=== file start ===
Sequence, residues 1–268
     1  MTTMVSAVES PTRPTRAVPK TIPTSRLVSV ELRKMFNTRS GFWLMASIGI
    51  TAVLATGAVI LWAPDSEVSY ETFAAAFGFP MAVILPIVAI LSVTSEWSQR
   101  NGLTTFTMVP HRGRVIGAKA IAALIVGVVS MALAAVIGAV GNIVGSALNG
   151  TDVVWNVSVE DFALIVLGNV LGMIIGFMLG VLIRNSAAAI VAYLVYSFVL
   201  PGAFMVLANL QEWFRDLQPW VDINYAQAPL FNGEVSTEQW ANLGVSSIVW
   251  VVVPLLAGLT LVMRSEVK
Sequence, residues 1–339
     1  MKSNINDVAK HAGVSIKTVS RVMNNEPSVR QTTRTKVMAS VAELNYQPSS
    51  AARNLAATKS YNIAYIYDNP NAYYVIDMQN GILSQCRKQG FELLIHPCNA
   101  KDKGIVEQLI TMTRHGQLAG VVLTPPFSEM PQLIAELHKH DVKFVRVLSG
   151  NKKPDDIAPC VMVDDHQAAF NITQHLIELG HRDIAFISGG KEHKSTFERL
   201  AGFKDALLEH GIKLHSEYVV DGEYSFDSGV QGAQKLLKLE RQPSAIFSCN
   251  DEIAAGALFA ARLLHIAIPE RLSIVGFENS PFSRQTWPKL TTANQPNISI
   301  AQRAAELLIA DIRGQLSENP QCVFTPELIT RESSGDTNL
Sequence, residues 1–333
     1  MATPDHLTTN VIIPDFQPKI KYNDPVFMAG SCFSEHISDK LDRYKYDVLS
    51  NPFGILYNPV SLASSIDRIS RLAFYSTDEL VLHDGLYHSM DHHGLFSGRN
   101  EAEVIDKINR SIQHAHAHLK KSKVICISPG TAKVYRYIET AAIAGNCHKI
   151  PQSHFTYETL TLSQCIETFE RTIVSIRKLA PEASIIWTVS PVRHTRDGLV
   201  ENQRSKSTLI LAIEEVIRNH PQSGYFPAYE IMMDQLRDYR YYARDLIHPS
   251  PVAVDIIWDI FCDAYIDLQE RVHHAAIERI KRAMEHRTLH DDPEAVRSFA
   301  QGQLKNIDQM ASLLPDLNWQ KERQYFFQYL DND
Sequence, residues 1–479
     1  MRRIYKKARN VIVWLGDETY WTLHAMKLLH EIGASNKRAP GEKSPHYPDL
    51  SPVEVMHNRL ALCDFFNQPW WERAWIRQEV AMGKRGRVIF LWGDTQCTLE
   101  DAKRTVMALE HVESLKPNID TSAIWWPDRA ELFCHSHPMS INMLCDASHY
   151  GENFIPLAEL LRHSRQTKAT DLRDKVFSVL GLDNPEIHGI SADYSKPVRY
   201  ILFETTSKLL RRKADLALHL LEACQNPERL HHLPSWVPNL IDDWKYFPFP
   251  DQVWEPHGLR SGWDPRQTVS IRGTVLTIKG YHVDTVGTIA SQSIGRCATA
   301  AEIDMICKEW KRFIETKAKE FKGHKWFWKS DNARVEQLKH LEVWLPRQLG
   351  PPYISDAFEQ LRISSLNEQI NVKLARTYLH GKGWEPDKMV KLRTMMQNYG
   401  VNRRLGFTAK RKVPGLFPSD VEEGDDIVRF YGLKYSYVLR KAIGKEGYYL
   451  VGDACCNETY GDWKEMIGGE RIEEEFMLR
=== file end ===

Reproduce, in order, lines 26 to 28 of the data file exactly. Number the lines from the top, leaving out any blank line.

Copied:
    51  SPVEVMHNRL ALCDFFNQPW WERAWIRQEV AMGKRGRVIF LWGDTQCTLE
   101  DAKRTVMALE HVESLKPNID TSAIWWPDRA ELFCHSHPMS INMLCDASHY
   151  GENFIPLAEL LRHSRQTKAT DLRDKVFSVL GLDNPEIHGI SADYSKPVRY